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Predictors of bleeding in patients with acute coronary syndromes treated with prasugrel
  1. Petr Widimsky1,
  2. Zuzana Motovska1,
  3. Leonardo Bolognese2,
  4. Dariusz Dudek3,
  5. Christian Hamm4,
  6. Jean-Francois Tanguay5,
  7. Jurrien ten Berg6,
  8. Eileen Brown7,
  9. LeRoy LeNarz7,
  10. Debra L Miller7,
  11. Gilles Montalescot8,
  12. for the ACCOAST Investigators
  1. 1Cardiocenter, Third Faculty of Medicine, Charles University Prague, Prague, Czech Republic
  2. 2Cardiovascular and Neurological Department Azienda Ospedaliera, Arezzo, Italy
  3. 3Institute of Cardiology, Jagiellonian University Medical College, University Hospital, Krakow, Poland
  4. 4Kerckhoff Heart and Thoraxcenter, Bad Nauheim and Medical Clinic I, University of Giessen Germany, Bad Nauheim, Germany
  5. 5MD Interventional Cardiology and Research Program, Université de Montréal, Montreal, Quebec, Canada
  6. 6Department of Cardiology, St. Antonius Hospital, Nieuwegein, Netherlands
  7. 7Eli Lilly and Company, Lilly Corporate Center, Indianapolis, Indiana, USA
  8. 8Institut de Cardiologie, Centre Hospitalier Universitaire Pitié-Salpêtriėre (ACTION Study Group, AP-HP, Université Paris 6), Paris, France
  1. Correspondence to Dr Zuzana Motovska, Cardiocenter, Third Faculty of Medicine, Charles University, Ruská 87, 100 00 Praha 10, Czech Republic; zuzana.motovska{at}


Background When considering antiplatelet therapy for acute coronary syndrome (ACS), it is essential to balance benefits (less thrombotic/ischaemic events) versus bleeding risks related to intense platelet inhibition via antagonism of P2Y12 receptors. This analysis aimed to identify predictors of bleeding events among A Comparison of Prasugrel at the Time of PCI or as Pretreatment at the Time of Diagnosis in Patients with NSTEACS (ACCOAST) study population.

Methods and results The ACCOAST study randomised 4033 patients with non-ST-segment elevation myocardial infarction (NSTEMI) to (A) a 30 mg prasugrel loading dose (LD) followed by coronary angiography with an additional 30 mg prasugrel at the time of percutaneous coronary intervention (PCI) or (B) a placebo LD followed by a 60 mg prasugrel at the time of PCI. Patients received standard of care, including use of aspirin. Independent predictors of Thrombolysis in Myocardial Infarction (TIMI) major bleeding not related to coronary artery bypass grafting (CABG) within 7 days were assessed using stepwise Cox proportional model for time to first occurrence of the event. Non-CABG-related TIMI major or minor bleeding was similarly analysed. Non-CABG-related TIMI major bleeding occurred in 36 (0.9%) patients, and TIMI major or minor bleeding occurred in 81 (2.0%) patients. Independent predictors for TIMI major bleeding alone were pretreatment with prasugrel LD (HR 3.02; 95% CI 1.42 to 6.43), femoral access (HR 2.45; 95% CI 1.11 to 5.38), female sex (HR 2.57; 95% CI 1.32 to 5.00), placement of >1 stent (HR 2.50; 95% CI 1.26 to 4.95) and age (HR 1.05; 95% CI 1.02 to 1.09). Pretreatment with prasugrel LD (HR 3.05; 95% CI 1.84 to 5.07), femoral access (HR 3.06; 95% CI 1.74 to 5.38), female sex (HR 2.62; 95% CI 1.67 to 4.12), performed PCI (HR 2.21; 95% CI 1.23 to 3.99), therapy with glycoprotein IIb/IIIa inhibitors (HR 1.88; 95% CI 1.06 to 3.33) and age (increased bleed per year of age HR 1.04; 95% CI 1.02 to 1.06) were independent predictors of TIMI major or minor bleeding through 7 days.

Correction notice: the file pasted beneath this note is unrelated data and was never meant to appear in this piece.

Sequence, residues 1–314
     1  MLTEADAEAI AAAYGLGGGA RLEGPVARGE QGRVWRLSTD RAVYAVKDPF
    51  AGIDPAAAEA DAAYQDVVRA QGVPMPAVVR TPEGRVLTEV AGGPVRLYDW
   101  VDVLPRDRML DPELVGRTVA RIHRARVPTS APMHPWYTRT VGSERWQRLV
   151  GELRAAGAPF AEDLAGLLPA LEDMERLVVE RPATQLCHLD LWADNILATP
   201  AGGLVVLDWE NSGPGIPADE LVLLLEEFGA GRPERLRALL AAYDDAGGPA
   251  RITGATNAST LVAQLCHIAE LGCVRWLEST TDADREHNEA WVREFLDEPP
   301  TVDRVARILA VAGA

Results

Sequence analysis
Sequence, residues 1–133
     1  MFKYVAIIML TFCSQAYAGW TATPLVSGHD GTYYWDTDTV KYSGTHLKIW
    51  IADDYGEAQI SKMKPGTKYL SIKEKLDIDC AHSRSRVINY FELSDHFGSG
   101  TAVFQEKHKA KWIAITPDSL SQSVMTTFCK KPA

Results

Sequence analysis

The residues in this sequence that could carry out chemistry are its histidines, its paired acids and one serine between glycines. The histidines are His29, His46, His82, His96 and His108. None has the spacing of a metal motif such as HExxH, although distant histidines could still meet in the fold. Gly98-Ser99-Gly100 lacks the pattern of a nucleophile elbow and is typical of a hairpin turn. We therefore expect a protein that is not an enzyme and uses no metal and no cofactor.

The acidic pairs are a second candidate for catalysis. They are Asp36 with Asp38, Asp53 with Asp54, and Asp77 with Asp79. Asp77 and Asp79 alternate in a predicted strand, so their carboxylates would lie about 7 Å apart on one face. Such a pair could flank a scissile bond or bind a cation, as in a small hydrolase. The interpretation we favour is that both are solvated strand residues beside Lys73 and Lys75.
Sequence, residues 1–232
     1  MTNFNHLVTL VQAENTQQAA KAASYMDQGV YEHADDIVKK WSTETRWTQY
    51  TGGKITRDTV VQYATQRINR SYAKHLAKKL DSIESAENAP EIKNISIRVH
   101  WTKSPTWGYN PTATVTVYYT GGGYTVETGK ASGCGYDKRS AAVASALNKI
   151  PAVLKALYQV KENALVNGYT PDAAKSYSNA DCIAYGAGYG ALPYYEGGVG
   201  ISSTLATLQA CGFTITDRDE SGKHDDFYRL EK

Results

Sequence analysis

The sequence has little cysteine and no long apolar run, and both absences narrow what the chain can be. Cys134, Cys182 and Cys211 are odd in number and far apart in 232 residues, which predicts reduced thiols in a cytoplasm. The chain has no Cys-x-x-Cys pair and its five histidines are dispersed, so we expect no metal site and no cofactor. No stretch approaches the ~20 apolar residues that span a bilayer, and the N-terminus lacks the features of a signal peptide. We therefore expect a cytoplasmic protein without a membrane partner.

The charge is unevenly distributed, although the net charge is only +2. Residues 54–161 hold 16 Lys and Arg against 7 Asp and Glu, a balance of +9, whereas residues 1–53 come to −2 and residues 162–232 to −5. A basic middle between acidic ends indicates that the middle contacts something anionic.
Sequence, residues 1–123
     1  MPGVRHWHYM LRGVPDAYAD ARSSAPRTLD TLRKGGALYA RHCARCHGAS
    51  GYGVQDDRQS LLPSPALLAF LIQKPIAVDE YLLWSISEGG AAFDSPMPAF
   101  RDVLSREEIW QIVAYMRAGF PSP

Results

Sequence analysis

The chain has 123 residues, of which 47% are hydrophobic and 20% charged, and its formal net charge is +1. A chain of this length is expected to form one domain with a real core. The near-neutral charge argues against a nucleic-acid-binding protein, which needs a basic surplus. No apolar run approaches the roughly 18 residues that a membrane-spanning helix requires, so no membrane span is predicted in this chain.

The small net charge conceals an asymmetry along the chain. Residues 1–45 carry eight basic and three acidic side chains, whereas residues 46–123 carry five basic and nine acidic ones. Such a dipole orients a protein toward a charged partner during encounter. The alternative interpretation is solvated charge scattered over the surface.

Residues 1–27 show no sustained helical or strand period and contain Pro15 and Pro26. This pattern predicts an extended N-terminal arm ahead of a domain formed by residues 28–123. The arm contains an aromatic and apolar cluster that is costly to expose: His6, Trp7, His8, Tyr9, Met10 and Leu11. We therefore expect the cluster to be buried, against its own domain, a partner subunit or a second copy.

Conclusions Pretreatment, age, gender and procedural variables predicted bleeding risk in patients with NSTEMI.

Clinical registration No NCT01015287.

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